After a wildly successful eight-month-long residency at the Mandala Club, Indian chef Gaggan Anand is finally opening a restaurant here. Architect Amanda Gunawan, who helms the interiors, gives us a first look.
Two years ago, while in quarantine, chef Gaggan Anand wrote a story of a Mexican girl, Ms. Maria, and an Indian boy, Mr. Singh, who meet and fall in love. This tale of romance and adventure would later materialise into a restaurant, its narrative unfolding in a comic book that is also the menu.
Ms. Maria and Mr. Singh debuted in Bangkok’s bustling Ekkamai neighbourhood in March 2020 to much fanfare. It was – as Gaggan described in a social media post – a “curry house dream” come true, complete with big, bold, home-style Mexican-Indian flavours. Signatures include Gaggan’s Crab Curry, Pork Vindaloo Tacos, and the Maria Singh Fish Tacos, which are best paired with two complementary boozy shots.
These much-raved-about dishes are now served right in our own backyard with the opening of Ms. Maria and Mr. Singh on Craig Road. Tasked to design the buzzy Singapore outpost is architectural firm OWIU (short for The Only Way Is Up), which took special care to highlight the whimsy and play of Gaggan’s literary and culinary works in the space.
Says OWIU founding principal Amanda Gunawan of her client, “Gaggan knows who he is. He’s always on. Because he is so specific in his vision for Ms. Maria and Mr. Singh, it leaves very little room for emptiness and surprise. How do we level up from the restaurant in Bangkok? That was the challenge.”
Whereas the first chapter embodies the headiness of a budding romance with bright, eye-popping colours, the second imagines the fictitious lovebirds as life partners and culinary veterans, reflected in a more refined, fully-matured menu, design and associated storyline. “In creating this new iteration, we really delved into the characters,” says Amanda, who is also this year’s Prestige 40 Under 40 laureate.
“Ms. Maria is Mexican from Oaxaca and Mr. Singh is from Jaipur. We immersed ourselves into their cultures and interests to better translate their story into a visual form. We wanted to bring together the two cultures in the space, yet keeping them distinct.”
Amanda goes on to distinguish the two: “Mexican and Italian cultures are similar but also so different. Both use a lot of bright colours, but the colours are different. Mexicans tend to have more red, yellow and orange, like the warmer brights. The Indian colour scheme, on the other hand, is cooler, with blues, purples and greens.”
Staying true to the vibrancy of the brand, the Singapore outpost establishes a continuity with its predecessor by drawing on a similar, but more muted, colour palette – but that’s about where the similarities end. Here, Ms. Maria and Mr. Singh have grown up, their space exuding polish and charm.
Draped across the ceiling are swathes of sarees procured from Little India as an ode to Mr. Singh’s heritage. The brightly coloured, overlapping window panes on the walls are, too, a nod to his city, Jaipur. As for Ms. Maria, her presence is felt most in the open kitchen, where beautiful Talavera tiles wrap the base of the counter and some of the walls.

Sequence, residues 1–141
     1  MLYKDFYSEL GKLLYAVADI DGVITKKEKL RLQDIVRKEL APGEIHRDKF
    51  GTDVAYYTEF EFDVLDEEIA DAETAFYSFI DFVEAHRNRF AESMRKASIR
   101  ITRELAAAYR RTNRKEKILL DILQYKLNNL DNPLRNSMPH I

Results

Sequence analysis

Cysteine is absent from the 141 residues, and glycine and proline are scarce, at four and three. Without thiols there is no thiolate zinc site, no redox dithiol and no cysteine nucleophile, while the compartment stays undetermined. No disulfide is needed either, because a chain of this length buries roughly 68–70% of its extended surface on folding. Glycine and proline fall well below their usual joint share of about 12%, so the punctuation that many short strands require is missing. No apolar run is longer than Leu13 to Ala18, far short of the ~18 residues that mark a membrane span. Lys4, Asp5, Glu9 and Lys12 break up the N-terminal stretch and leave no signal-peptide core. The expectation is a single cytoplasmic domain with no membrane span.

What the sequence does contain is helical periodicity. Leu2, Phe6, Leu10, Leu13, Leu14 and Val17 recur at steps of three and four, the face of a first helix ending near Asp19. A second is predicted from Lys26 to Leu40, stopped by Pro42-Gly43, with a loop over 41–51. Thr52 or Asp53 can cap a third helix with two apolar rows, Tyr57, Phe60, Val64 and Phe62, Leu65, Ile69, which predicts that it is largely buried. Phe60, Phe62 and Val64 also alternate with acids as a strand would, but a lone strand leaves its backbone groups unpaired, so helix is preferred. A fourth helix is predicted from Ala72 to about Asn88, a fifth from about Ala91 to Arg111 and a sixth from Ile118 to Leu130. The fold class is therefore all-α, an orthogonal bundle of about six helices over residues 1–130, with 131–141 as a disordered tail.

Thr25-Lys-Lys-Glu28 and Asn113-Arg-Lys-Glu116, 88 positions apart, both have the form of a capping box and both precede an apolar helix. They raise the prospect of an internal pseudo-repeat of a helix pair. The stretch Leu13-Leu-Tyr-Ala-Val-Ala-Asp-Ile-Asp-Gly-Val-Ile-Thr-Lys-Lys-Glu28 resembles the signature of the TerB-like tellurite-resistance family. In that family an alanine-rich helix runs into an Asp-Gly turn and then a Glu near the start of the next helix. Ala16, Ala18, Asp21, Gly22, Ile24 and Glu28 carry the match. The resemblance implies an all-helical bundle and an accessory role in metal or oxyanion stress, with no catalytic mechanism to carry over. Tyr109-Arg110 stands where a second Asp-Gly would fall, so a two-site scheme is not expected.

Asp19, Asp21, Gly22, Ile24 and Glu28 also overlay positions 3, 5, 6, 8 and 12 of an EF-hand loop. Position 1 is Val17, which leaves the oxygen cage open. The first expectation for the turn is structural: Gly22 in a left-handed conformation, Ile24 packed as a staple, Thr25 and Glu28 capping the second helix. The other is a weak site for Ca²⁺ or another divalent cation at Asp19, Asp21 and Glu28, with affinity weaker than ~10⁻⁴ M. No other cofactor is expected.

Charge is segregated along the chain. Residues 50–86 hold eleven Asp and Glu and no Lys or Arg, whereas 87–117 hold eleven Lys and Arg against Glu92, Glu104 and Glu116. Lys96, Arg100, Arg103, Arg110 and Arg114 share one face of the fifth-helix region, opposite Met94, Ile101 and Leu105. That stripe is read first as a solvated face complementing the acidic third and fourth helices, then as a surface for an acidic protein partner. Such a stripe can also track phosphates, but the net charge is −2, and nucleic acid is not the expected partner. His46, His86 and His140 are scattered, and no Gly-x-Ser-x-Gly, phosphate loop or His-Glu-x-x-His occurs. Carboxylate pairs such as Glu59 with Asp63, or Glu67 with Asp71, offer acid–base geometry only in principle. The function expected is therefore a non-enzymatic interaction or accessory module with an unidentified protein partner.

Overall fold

Given OWIU’s past projects, which leaned towards modern Japanese minimalism, the new Ms. Maria and Mr. Singh came with a radically different brief. However, the design team still manages to leave their signature around the restaurant, which will have a smaller menu of 25 items, including some exclusive to Singapore. “Gaggan had set these parameters for us,” adds Amanda. “He wanted windows, Mexican tiles, Indian motifs and Mexican colours. One feature we gave our own spin to was the blue and yellow walls, which were Venetian plaster with a feather finish.”
The clean lines, raw wood accents and calming ambience are also elements OWIU is known for. “Singapore being the second episode of Ms. Maria and Mr. Singh, Gaggan wanted the space to grow with the characters,” she explains. “So even though the restaurant is nothing like what we’ve done before, the approach is the same. In every project, we have to have the OWIU tenets: thoughtful execution and careful construction. We care about the intention; the purpose of design. We view all of our spaces like an orchestra. There is the strings section, the conductor, etc, and all of them are good individually. Then, when they’re together, they create a symphony. That’s also how Ms. Maria and Mr. Singh come into being. The narrative, food and atmosphere come together to form an experience.”
Considering how Gaggan Anand keeps on selling out his seats, this experience, though different from the first, is looking to be a smash hit.
This story first appeared in the Nov 2022 issue of Prestige Singapore.